One of Satan’s favourite ploys is to accuse us before God, pointing out that we have no righteousness of our own and therefore no right to stand in God’s presence. Once again, we are faced with a half truth that can easily lead us astray, if we are not careful. As a statement of fact, Satan is right to say that we are unworthy to stand before God, but in saying this he is not reckoning with God’s grace and mercy, to both of which he is a stranger.
A classic example that illustrates this occurs in Zechariah 3:1-2, where the prophet has a vision of the high priest who is clothed in filthy rags and is therefore unworthy to perform the all-important task of making atonement for the sins of the people. But the high priest, who is called Joshua, is saved by God, and Joshua’s atoning sacrifice is accepted because he has taken the sins of the people on himself. His filthy clothing is not a sign of his character but the sins of the people for whom he is making atonement, and the fact that the high priest takes this on himself reveals a deeper righteousness than anything that Satan can grasp.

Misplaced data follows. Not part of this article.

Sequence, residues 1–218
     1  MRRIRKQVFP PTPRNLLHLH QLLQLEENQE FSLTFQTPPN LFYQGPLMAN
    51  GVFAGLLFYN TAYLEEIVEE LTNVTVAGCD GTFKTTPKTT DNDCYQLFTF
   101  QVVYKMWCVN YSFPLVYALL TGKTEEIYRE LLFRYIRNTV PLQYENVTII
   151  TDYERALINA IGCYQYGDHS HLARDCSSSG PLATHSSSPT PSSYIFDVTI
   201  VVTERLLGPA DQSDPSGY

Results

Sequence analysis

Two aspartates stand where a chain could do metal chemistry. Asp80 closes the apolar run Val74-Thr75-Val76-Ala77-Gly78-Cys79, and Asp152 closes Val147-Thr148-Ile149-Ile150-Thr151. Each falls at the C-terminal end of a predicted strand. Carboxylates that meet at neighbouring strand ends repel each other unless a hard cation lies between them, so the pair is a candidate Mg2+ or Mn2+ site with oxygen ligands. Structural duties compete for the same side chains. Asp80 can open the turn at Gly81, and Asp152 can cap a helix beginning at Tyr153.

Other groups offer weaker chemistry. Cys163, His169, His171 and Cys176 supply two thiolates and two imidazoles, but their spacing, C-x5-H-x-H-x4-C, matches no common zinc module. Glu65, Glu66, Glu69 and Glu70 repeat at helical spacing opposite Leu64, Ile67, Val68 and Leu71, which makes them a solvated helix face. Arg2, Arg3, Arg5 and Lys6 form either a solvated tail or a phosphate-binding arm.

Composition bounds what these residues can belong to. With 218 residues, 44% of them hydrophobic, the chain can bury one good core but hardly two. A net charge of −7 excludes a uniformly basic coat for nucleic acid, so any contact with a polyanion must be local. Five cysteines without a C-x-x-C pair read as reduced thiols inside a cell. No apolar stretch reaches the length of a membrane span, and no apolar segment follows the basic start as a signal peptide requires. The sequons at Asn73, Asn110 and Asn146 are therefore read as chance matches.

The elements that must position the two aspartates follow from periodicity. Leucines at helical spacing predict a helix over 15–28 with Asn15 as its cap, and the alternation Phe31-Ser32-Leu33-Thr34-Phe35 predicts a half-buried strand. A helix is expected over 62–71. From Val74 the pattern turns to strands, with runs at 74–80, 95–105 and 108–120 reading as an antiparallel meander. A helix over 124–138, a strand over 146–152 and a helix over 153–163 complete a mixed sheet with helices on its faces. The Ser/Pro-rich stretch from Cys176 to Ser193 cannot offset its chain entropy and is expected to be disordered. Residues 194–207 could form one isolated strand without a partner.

The vision of Zechariah was fulfilled in the sacrifice of Jesus, when He became sin for us in order to take it away and make it possible for us to share in the righteousness of God Himself. We who are filthy inside and totally unworthy of God’s grace have been covered by a cloak of righteousness dyed in the blood of the One who was slain in our place. It is because of that covering that we who have no merit of our own have been made acceptable to God. Satan has no right to accuse those whom Jesus has chosen and united to Himself - because we have been set free from the condemnation that we would otherwise deserve. That does not stop Satan from trying, of course, and it is here perhaps more than anywhere else that we must be constantly on our guard, so as not to fall into the trap that he wants to set for us.
Gerald Bray, God is Love, pg. 363-364